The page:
Photo by Adrien Olichon on Unsplash

Originally published in Spanish: “Catalunya versus Cataluña: el día de la marmota”. Marco Hulsewe. Expansión.

October 5, 2018

The author writes about the degeneration of politics and social coexistence in Catalonia one year after the secessionist coup d’état of October 2017.

Between September 6th and October 27th, 2017, we lived the first slow motion attempted self-coup d’état inside the European Union, as it was explained by the Dutch journalist and writer Steven Adolf in Volkskrant. No matter I already anticipated in other piece at Expansión during these days that almost certainly the attempted coup would fail to fully succeed, the harm to the Catalan civil society and its economy will be long lasting. I feared the social division and the installation of a perception of risk for investors. All this have happened during a year. We all are one year older, with some grey hair and some kilos added. As it usually happens during Christmas and anniversaries, we take a look back thinking on how the year unfolded.

Looking back, many things have happened in Barcelona. After the coup attempt, came the intervention of Catalan regional government; new regional elections; more than 4,550 companies moved their headquarters to other autonomous communities; 30 billion deposits were transferred to other places… Good or not so good things, depending on who looks at them.

For neighbor communities, such as Aragon and Valencia, it’s been a very good year. As I said on a recent meeting in Alicante in front of the “Family Business Association”, never has anybody done so much to attract companies to Valencia as the former president of Generalitat** did in Barcelona. He deserves a sculpture or some square in Valencia or Aragon. Also in Barcelona it’s been a good year. Town major Ada Colau, that had promised to fend off tourism, has been able to present a fall in hotels occupancy and a drop on income of -14% vs Summer 2017. Surely the raise on crime rates (20%) may have helped to achieve this, putting Barcelona as Spain’s no. 1 before Madrid, which has double inhabitants.

With regards to Catalunya, progress have been made too. A kind of label has been introduced: the ‘lazis’***. An identifier a good patriots fostered by Generalitat in cooperation with the majority of Catalan town councils and with associations like Òmnium Cultural and ANC, that allows to identify them on the streets. Decent people that can be safely hired by the public or semi-public sector. Those citizens lacking a ribbon (the ‘sinlazo’) can be doubted about their levels of patriotism and commitment to the Catalan republic. Besides, many of them may have a rough patch in their DNA, according to current president of the regional government.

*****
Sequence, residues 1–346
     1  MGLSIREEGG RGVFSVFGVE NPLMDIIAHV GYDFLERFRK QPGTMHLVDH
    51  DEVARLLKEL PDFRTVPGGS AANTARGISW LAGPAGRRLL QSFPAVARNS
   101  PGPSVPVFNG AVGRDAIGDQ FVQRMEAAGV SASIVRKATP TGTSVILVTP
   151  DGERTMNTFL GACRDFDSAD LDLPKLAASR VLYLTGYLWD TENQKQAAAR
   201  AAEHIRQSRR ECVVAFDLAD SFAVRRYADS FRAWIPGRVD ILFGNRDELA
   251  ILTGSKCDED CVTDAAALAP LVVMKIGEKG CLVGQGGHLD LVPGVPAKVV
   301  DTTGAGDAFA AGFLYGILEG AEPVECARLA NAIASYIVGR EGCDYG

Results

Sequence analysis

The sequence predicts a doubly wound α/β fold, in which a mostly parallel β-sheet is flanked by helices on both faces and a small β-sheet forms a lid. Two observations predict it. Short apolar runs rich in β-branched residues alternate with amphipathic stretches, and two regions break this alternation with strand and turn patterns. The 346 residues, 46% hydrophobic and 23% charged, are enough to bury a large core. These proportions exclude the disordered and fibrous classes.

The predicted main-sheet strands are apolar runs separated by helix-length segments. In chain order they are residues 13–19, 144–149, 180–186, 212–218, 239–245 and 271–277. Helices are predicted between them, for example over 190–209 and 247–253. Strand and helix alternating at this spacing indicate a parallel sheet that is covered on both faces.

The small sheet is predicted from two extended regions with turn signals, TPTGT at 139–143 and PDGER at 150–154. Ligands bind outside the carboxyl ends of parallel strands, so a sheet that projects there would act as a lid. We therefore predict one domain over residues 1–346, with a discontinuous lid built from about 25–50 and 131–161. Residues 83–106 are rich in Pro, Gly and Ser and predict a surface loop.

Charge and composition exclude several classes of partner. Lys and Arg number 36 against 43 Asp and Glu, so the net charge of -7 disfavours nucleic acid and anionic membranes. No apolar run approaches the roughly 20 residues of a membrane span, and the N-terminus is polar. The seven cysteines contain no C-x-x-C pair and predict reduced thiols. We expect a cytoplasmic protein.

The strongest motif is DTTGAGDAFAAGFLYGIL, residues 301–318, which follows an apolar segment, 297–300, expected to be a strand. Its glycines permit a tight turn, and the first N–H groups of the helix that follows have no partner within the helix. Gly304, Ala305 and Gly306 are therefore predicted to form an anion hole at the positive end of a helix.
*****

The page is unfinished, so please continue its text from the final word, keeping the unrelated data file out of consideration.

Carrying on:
Harassment

Neighborhood organizations have been created, the CDR, as homage to the Comités de Defensa de la Revolución Cubana, so helpful to support the president in avoiding public demonstrations of the sinlazo in flagship places as the Sant Jaume square and its surroundings. This week, by the way, the CDR insulted and threatened the elected representatives of the majority of the citizens of Catalonia at the gates of the regional Parliament in front of the astonished ayes of the – very few – regional police members. Business as usual, you know.

On a smaller scale, we have been able to deepen in the knowledge of our fellow persons, and as a rule we already know the ideas of our next door neighbor, our kid’s teacher or our job colleagues. We have been allowed to regroup friendships and relations more and more tribal on the purest Belgian style, with Flemish and Walloons living some kind of couple separation, sharing the same roof. We can always talk about football or the weather with the members of the other tribe, but never about the elephant inside the room. All these great raw materials for the future book by Fernando Aramburu about the Catalan motherland.

No matter all these are relevant news for Catalonia and its citizens, the rest of humankind keeps minding their own business and seem to have lost any interest.  

For professional reasons, I increasingly travel to places like Amsterdam, Hamburg, Lisbon or Madrid. Funnily enough, in these exotic places we talk just about business, investments, the competency, etc. We don’t talk about nations, or independence, but about how can we do business together, cooperate by buying companies in France, selling them in Portugal, etc.: European integration of people and corporations. Amsterdam thanks Barcelona for the gift of the European Medicines Agency: investment 300 million and 2,400 (in)direct jobs.  Opening on January 1st, 2019.

Therefore, when I come back to Cataluña after those trips, it’s hard not to think of Bill Murray’s ‘The Groundhog Day”. The rest of the world moves – and will keep on moving – forward, but in the Catalan Republic, with its identity loop, the groundhog scene is repeated again and again.

Hopefully at some moment the Catalan society will wake up from this dream or nightmare, depending on how it’s looked at, to realize that only counting on the others you can move forward. Anybody alone is no one on this increasingly globalized and connected world. Populists and storytellers are not going to feed us. They only take care of themselves, as pigs at Orwell’s Animal Farm, written after his stay in Barcelona.

*“Cataluña”, Spanish, and “Catalunya”, Catalan, both for Catalonia (TN)

**Catalan regional government

***Secessionists identify themselves wearing yellow ribbons (‘lazos’ in Spanish). ‘Lazis’ mixes ‘Nazi’ and ‘Lazos’